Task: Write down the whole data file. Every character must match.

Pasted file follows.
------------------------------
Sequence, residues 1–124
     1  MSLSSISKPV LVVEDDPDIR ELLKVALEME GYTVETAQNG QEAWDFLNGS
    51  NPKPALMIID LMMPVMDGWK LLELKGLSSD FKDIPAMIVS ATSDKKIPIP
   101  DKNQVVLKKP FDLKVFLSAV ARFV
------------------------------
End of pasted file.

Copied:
Sequence, residues 1–124
     1  MSLSSISKPV LVVEDDPDIR ELLKVALEME GYTVETAQNG QEAWDFLNGS
    51  NPKPALMIID LMMPVMDGWK LLELKGLSSD FKDIPAMIVS ATSDKKIPIP
   101  DKNQVVLKKP FDLKVFLSAV ARFV